Ever wonder what possesses some mothers and daughters to dress as though they just stepped out of a Britney Spears video shoot? A recent Internet poll of more than 4,000 Americans age 13 and older found that while most prefer to dress their age, more than 1 in 10 (12 percent) say they use their wardrobe to add or subtract a few years. The study, conducted by Cambridge, Mass.-based STS Market Research, finds that 6 percent of Americans (5 percent of men and 7 percent of women) dress in the hope that people will think they are younger, while another 6 percent of both men and women dress to look older than their true age. Young-looking dressers of both sexes say they purchase brands such as Gap, Levi's and Tommy Hilfiger to project a youthful appearance. Men prefer apparel sporting Nike and Abercrombie & Fitch logos, while women go for Old Navy and Guess â€” as in â€œguessâ€? my age. Female respondents also say that when they want to look younger, they might don a pair of low-rise or bell-bottom jeans. The question is, are those pants new or are they the same ones they wore when low-rise and bell-bottoms were popular the first time around?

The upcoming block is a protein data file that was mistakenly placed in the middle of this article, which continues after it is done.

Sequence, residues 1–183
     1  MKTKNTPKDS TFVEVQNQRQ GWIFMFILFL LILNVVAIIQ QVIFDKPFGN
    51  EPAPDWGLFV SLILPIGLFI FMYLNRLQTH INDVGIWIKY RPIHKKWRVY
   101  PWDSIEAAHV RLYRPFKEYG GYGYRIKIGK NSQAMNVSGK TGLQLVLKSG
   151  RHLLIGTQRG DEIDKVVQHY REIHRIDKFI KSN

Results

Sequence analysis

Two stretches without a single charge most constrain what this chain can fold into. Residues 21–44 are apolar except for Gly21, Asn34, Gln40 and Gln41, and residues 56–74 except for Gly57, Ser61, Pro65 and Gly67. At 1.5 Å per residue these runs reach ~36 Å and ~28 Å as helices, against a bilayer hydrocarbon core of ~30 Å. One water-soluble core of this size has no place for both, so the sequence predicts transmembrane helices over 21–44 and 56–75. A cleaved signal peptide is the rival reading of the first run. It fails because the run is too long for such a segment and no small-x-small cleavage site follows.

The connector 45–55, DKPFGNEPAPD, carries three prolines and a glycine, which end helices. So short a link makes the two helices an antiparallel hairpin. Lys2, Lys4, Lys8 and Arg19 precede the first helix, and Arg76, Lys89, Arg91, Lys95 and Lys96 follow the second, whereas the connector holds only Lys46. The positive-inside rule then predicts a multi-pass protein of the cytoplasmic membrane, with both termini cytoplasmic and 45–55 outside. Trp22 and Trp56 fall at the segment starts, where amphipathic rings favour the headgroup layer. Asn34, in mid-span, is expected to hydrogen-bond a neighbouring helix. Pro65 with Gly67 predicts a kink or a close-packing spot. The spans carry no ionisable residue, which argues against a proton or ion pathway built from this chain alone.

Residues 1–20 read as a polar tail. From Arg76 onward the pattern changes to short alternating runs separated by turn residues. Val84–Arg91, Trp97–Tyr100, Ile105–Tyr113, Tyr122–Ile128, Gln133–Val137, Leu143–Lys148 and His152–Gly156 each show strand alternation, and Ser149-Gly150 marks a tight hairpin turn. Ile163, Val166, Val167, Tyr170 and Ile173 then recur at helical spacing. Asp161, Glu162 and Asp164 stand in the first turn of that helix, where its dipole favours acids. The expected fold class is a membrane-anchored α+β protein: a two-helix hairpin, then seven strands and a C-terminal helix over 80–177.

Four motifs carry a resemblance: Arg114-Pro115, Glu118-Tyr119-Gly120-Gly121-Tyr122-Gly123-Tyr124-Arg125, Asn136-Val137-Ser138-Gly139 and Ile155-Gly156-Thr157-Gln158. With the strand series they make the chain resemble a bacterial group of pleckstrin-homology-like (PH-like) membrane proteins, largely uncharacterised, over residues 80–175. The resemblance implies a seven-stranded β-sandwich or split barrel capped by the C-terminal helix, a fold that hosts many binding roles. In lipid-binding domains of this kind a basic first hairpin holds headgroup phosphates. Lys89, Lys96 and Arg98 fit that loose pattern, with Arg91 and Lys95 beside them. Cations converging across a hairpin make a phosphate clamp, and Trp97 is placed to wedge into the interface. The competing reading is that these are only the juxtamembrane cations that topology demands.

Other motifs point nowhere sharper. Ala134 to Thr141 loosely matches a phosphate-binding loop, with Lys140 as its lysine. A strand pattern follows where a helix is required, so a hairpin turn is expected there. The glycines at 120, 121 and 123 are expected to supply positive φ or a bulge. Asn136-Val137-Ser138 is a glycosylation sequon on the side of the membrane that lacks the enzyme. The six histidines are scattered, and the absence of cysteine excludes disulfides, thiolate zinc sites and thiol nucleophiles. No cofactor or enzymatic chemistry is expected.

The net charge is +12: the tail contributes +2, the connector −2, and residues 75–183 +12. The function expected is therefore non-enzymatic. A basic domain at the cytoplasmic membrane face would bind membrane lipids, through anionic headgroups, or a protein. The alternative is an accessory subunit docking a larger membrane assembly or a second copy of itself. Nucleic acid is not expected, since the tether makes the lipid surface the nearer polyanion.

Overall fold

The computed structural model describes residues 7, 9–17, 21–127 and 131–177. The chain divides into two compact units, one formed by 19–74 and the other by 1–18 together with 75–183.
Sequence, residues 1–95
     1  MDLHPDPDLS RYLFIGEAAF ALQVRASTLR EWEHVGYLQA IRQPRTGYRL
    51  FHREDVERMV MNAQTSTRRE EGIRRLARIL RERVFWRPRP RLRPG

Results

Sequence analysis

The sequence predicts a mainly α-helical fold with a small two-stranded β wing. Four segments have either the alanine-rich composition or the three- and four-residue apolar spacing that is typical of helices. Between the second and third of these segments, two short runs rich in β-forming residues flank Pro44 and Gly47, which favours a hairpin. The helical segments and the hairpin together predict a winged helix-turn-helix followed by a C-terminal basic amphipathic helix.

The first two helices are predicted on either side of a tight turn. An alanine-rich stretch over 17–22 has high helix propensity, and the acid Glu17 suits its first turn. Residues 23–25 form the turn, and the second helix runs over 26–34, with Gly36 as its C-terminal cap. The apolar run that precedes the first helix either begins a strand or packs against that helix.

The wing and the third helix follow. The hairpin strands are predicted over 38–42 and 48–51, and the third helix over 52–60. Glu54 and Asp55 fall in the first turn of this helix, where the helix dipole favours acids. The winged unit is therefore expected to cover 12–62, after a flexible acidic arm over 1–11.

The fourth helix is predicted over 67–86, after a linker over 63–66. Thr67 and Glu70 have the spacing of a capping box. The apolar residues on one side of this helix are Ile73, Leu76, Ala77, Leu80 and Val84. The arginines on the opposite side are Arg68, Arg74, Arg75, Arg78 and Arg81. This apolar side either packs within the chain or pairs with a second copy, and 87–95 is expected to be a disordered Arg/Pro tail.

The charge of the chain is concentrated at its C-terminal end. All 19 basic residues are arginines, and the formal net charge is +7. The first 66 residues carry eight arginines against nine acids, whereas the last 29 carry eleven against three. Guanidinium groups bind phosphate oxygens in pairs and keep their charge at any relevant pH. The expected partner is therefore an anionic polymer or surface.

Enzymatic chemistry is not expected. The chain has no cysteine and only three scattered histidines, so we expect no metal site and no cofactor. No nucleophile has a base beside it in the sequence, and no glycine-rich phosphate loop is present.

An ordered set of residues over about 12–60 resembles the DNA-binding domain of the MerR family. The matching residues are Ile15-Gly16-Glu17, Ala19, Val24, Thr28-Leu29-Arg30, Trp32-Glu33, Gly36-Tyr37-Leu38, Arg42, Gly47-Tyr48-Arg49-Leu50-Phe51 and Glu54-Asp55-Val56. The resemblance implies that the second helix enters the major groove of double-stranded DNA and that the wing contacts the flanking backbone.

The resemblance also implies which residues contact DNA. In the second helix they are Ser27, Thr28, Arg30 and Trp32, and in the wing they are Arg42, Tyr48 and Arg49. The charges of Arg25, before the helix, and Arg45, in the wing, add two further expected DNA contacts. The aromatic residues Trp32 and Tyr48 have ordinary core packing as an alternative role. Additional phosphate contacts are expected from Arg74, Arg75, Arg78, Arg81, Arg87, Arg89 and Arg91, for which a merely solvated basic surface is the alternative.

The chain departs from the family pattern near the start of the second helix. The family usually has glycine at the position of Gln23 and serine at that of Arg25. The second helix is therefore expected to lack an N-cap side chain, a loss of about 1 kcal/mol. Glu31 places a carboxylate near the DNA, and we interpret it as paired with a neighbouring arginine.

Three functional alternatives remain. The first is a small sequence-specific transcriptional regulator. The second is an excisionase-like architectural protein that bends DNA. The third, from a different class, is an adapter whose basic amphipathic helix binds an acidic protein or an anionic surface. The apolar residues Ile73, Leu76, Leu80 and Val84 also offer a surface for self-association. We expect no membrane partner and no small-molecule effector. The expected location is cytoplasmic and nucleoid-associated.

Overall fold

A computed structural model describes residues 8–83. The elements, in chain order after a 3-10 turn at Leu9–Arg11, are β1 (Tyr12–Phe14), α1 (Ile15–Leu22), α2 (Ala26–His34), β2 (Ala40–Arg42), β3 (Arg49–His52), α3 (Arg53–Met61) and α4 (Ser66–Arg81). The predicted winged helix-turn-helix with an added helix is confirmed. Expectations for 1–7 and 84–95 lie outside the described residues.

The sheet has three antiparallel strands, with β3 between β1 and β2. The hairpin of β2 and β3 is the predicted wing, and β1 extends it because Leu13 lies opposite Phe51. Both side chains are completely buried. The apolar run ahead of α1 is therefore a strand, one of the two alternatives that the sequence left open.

I DON'T WANT TO GROW UP
For both men and women, the desire to dress to look older than their actual age rapidly fades after 25, whereas the desire to look younger never grows old.
|PERCENT OF AMERICANS WHO:|
|AGE||DRESS OLDER||DRESS YOUNGER|
|Source: STS Market Research|